California is facing a significant water scarcity we can’t ignore.
We need water solutions that benefit us all!
We need solutions that support environmental stewardship with the needs of communities and industries throughout our state.
Our water supply system is in scarcity. California’s water infrastructure is unable to meet all of our existing needs…and we’re the fifth largest economy in the world.
The Public Policy Institute of California (PPIC) and others tell us that on average, California’s San Joaquin Valley experiences a water supply shortfall of 1.5 – 2.5 million acre-feet of water per year, enough to meet the needs of up to 14.7 million people or more than 830,000 acres of productive farmland.
And the problem is getting worse. Delta exports below historical levels, increased stream flows in support of environmental restoration, and climate change are only a few of the many policy and environmental improvements that are current and anticipated that will reduce the availability of local water supplies.
Water plays a vital role in California’s economy and without adequate supplies, the future of 40 million Californians is at risk, especially those already vulnerable to poverty.
Solutions to help California thrive.
Policy Changes: There are a number of actions that can be taken at the local and regional level to take advantage of excess flows during high precipitation years.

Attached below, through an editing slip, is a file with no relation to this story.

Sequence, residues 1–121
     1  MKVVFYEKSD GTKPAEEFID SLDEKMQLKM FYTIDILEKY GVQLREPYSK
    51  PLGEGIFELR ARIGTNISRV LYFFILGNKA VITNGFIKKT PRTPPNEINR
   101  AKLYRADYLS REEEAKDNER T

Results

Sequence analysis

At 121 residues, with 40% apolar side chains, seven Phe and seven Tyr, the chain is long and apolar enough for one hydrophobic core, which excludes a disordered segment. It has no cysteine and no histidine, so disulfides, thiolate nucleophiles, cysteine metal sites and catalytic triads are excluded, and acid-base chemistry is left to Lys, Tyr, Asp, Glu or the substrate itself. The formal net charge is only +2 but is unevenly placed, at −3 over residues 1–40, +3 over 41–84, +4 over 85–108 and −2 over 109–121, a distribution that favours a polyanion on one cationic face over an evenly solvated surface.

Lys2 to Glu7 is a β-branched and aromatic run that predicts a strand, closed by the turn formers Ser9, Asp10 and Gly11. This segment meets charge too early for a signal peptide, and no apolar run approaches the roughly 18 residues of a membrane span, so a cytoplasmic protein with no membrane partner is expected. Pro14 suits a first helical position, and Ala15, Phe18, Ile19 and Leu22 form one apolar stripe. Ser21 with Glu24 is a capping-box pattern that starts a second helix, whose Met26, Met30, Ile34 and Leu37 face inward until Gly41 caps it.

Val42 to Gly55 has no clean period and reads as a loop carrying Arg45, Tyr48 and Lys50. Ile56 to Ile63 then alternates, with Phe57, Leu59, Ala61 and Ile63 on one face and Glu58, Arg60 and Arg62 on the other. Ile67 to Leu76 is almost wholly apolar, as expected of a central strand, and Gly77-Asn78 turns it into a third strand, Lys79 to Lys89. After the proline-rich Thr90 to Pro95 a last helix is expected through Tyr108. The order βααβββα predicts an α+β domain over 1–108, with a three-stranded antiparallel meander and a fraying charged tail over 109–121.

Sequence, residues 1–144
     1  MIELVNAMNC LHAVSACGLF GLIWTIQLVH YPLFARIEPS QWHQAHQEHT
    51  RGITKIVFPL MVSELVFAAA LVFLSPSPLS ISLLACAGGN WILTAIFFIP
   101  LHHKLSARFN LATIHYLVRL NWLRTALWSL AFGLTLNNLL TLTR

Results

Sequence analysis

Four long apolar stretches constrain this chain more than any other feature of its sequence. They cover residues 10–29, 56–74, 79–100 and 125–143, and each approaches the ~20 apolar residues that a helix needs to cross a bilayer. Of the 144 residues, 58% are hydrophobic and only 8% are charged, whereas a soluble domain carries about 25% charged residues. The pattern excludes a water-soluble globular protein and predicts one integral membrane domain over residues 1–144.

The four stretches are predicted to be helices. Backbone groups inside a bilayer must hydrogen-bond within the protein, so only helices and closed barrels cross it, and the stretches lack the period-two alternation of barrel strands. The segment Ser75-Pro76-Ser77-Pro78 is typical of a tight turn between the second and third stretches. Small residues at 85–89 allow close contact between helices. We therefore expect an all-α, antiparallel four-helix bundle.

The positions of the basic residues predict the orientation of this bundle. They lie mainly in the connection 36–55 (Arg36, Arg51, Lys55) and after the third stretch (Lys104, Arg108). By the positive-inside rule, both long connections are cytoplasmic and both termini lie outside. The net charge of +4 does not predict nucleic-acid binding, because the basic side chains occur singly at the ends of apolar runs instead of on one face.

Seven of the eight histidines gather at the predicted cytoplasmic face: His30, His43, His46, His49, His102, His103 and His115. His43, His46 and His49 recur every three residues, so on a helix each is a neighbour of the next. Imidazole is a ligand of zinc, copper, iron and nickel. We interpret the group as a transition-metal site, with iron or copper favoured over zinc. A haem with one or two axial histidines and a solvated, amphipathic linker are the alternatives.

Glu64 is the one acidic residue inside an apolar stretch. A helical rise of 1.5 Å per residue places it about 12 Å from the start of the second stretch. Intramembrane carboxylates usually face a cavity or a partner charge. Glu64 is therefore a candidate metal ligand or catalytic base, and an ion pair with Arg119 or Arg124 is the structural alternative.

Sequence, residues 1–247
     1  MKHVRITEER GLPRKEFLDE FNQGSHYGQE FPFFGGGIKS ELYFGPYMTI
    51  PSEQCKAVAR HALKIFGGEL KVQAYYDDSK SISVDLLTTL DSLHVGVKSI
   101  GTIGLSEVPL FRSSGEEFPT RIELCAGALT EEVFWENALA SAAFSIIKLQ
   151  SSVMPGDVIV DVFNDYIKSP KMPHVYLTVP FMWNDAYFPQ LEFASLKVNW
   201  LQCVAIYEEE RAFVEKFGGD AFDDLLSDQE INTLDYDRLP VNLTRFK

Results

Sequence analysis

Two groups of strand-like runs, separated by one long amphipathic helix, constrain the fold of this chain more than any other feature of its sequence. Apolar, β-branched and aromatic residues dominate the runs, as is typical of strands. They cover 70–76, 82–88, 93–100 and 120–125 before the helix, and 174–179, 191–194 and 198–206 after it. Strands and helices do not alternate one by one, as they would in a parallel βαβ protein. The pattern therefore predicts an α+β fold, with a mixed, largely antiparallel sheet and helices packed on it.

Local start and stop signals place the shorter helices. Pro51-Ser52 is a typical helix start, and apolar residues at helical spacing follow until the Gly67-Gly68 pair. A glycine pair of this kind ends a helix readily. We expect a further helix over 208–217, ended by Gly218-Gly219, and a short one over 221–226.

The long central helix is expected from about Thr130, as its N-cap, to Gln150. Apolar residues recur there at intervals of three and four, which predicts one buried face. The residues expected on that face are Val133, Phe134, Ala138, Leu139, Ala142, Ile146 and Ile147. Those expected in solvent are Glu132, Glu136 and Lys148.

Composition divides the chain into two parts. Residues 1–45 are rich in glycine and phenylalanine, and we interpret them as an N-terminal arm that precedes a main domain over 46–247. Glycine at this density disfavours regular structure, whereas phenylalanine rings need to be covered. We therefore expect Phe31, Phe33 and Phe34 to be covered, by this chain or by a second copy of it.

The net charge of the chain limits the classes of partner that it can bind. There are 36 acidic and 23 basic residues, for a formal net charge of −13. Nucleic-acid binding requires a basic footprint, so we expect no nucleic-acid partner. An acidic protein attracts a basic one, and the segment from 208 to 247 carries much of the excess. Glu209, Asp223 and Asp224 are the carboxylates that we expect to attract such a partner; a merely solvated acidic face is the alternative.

Infrastructure: Infrastructure is needed at a local level to move available water where it’s needed the most and to replenish our aquifers. Local agencies will direct and develop these improvements on their own, along with facilitating water markets and conservation actions.
Investments: For over 100 years, communities have relied upon groundwater to balance water supply needs. That once abundant underground water supply is now stressed to the point where a new plan for investments in water supply infrastructure will be needed to prepare Californians for a new future.
Economic Impacts to Our State
Economic analysis of current and anticipated water supply restrictions affecting the San Joaquin Valley
Based on an analysis of Sustainable Groundwater Management Act and other current and anticipated water supply restrictions, a study by University of California Berkeley economists, Dr. David Sunding and David Roland-Holst, concludes that up to one million acres may be fallowed in the San Joaquin Valley over a period of 2-3 decades as a result of reduced ground and surface water availability.
Key Findings Include:
in annual farm revenue loss
jobs lost statewide due to Sustainable Groundwater Management Act and future surface water reductions
in annual lost employee compensation statewide
Fresno, Tulare, Kern, and Kings will see the largest losses in employment and compensation
Read the preliminary results of the economic analysis, by Dr. David Sunding, of current and anticipated water supply restrictions affecting farmers, farm employees, and farm-related businesses in the San Joaquin Valley.
Water Blueprint for San Joaquin Valley
California is facing a major water supply shortfall in the Central Valley.
The Blueprint is a coalition of water users, water districts, farmers, commodity groups, and municipalities engaged with environmental non-governmental organizations, community-based groups, and academia to advance common sense water solutions for our state.